"Expats living in Cuenca often join social groups and clubs that cater to their interests. Popular activities for expats include taking Spanish classes, dancing, volunteering, attending meet-ups and exploring the local culture. Expats also join a variety of online forums, such as Expats in Cuenca and Cuenca Highlife to discuss local topics, host events, find resources and ask questions. Additionally, many expats make friends by attending local events and festivals, such as the Festival of the Little Candles and the Corpus Christi Festival. Living in the same neighbourhood as other expats, attending weekly gatherings in local bars, cafes, and restaurants and participating in outdoor activities such as hiking, biking and kayaking are also great ways to meet and make connections in the Cuenca community," wrote one member in Cuenca, Ecuador.
"Cuenca has a lot going for it as far as the arts. There are always free concerts that you can attend in the city. Art festivals, Choirs, Orchestras you name it. This is a very family oriented society and life revolves around the family. My local business colleagues are always spending time with their families on the weekends and we should learn from them. They have a wonderful network of family around them. Religious events are a time for parades, church and other activities," commented an expat living in Cuenca.
"Family is extremely important! So is Soccer, Volleyball & Jogging. People work hard but make up any reason, or holiday to start a party & DANCE," said an expat in Cuenca.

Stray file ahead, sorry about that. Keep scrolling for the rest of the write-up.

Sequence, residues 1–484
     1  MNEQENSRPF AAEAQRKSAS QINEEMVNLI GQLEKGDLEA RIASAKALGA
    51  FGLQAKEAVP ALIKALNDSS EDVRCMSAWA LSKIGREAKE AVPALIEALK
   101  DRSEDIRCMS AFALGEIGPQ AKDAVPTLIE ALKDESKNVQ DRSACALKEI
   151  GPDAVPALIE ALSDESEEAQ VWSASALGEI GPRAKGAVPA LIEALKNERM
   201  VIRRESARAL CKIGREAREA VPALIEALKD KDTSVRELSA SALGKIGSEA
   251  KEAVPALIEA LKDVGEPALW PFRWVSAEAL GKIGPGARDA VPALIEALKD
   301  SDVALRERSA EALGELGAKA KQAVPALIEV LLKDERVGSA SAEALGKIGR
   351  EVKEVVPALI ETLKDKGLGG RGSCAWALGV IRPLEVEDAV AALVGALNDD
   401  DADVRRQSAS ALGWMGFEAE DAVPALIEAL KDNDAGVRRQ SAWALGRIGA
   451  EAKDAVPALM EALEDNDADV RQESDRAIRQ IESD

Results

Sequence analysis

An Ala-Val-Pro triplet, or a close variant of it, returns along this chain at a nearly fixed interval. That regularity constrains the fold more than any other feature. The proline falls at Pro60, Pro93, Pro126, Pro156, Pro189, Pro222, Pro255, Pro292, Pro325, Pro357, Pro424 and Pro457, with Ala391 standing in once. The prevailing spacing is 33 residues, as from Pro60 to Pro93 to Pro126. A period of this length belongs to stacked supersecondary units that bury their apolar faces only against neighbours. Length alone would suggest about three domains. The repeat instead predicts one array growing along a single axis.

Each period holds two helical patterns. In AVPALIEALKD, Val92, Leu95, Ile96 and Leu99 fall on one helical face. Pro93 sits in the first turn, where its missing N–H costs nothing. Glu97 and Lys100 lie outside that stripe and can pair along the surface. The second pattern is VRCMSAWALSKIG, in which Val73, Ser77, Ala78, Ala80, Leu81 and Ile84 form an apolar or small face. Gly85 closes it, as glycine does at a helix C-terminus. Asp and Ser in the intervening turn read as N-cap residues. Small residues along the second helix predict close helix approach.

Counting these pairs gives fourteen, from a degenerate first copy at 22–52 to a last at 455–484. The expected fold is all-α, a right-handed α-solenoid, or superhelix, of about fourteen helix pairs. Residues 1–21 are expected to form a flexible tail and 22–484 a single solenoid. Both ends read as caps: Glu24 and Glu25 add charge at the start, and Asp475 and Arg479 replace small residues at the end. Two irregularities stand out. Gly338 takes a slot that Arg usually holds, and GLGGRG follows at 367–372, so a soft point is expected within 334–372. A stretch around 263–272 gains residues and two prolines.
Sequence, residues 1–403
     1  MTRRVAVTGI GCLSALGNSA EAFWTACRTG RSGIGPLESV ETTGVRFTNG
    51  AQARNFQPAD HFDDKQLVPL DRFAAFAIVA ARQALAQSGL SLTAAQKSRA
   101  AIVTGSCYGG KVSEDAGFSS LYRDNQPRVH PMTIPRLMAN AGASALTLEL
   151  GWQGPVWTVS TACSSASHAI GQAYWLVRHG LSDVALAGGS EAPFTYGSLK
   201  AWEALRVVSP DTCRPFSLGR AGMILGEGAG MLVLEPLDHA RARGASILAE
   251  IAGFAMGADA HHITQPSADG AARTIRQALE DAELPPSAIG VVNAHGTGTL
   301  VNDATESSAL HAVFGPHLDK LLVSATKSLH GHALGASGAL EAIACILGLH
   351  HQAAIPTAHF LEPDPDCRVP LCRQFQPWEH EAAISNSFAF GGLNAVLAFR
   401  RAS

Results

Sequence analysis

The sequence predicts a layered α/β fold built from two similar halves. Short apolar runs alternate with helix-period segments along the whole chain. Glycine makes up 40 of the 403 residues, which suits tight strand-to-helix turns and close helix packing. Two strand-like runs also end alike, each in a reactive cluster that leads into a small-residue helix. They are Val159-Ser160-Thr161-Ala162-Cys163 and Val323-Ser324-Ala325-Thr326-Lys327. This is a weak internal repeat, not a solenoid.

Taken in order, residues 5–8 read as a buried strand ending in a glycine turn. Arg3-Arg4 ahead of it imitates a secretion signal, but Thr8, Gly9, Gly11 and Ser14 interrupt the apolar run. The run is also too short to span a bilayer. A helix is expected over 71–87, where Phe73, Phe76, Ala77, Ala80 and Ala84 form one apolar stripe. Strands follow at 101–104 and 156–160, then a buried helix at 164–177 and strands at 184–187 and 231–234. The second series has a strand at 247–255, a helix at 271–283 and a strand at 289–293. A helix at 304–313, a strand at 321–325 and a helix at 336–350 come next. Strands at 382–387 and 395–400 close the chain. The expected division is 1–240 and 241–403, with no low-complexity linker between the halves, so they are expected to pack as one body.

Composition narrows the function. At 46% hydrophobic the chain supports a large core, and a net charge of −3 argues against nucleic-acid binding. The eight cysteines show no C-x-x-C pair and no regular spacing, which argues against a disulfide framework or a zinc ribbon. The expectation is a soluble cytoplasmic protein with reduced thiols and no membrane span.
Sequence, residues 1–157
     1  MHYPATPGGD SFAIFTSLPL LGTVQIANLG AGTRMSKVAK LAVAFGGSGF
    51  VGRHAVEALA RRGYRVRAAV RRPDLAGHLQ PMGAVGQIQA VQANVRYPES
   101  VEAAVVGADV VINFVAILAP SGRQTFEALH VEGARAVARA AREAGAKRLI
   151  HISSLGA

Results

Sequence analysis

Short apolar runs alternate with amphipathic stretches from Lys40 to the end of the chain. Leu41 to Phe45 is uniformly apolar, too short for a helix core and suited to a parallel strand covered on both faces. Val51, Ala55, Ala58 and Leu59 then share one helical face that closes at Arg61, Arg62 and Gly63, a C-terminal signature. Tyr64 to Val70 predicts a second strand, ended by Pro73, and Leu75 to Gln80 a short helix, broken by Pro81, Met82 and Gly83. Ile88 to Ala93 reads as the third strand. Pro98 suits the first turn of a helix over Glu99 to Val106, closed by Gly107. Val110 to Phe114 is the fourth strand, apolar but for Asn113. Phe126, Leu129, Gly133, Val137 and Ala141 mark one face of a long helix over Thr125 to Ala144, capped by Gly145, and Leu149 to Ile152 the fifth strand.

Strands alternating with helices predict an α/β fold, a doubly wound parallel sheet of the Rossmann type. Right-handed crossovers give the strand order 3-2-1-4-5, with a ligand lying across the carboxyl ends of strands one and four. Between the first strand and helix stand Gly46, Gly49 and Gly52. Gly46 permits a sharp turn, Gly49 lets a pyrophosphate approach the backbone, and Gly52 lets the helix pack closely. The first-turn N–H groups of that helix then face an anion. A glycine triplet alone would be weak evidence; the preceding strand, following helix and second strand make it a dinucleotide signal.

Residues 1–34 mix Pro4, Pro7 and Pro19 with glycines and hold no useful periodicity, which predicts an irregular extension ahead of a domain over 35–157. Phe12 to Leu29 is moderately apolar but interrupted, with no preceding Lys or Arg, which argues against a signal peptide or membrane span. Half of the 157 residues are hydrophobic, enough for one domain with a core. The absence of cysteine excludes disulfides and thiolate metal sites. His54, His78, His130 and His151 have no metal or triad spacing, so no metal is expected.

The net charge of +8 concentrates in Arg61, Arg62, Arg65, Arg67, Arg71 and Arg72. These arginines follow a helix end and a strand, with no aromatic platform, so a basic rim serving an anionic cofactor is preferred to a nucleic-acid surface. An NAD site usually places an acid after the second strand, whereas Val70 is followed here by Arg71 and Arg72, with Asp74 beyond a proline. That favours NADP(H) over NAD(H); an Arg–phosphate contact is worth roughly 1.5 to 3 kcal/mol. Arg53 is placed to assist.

"Family, church and family, in that order. You will never be a part of that. Get used to it," remarked one expat who made the move to Cuenca.
"Lives in this city seem to revolve around interest in where they live, apartment or house, rented or owned. I am sure most people have some kind of work, as some have written books or are expert in helping residents through their years of professional therapies and other businesses throughout their lives. Most are retired, and probably none are really rich because there is a lot of advice on how to live on your social security each month, Socializing seems to be happening within the events mentioned above. Since I am one of the older ones, I signed up for Kinesthetic Balance and Movement. I met a woman there who was kind enoug to walk me for about a half mile to my bus stop. Since the city is laid out around traffic circles and many small streets, with a few big avenues connecting the extreme edges of the city, it is really difficult to figure out for oneself, as a newcomer, what any given address entails. I have just "discovered" the URL for bus lines, and all of their stops. There are a half dozen bus lines each having a bunch of buses that are numbered. So when I leave my rural neighborhood, I have a choice of two bus lines. I note the stops, and so I only know how to get to El Centro for shopping, and to my Spanish class in the opposite direction, using one of the two bus lines. Every address entails a house number which reads like this (7-733) for example. It might say Ave such and such 7-733 y *which means and & in Spanish) and it gives the cross street. Most important places like hospitals give maps to tell you how to get there by car or transportation. Sports seems to be mainly hiking, but there are gyms and workouts. Specific sports, like classical music events, must pass between people particularly interested in those sports or music. I have not seen much, perhaps soccer, but I pass over those events," explained one expat living in Cuenca.
About the Author
Betsy Burlingame is the Founder and President of Expat Exchange and is one of the Founders of Digital Nomad Exchange. She launched Expat Exchange in 1997 as her Master's thesis project at NYU. Prior to Expat Exchange, Betsy worked at AT&T in International and Mass Market Marketing. She graduated from Ohio Wesleyan University with a BA in International Business and German.
Some of Betsy's articles include 12 Best Places to Live in Portugal, 7 Best Places to Live in Panama and 12 Things to Know Before Moving to the Dominican Republic. Betsy loves to travel and spend time with her family. Connect with Betsy on LinkedIn.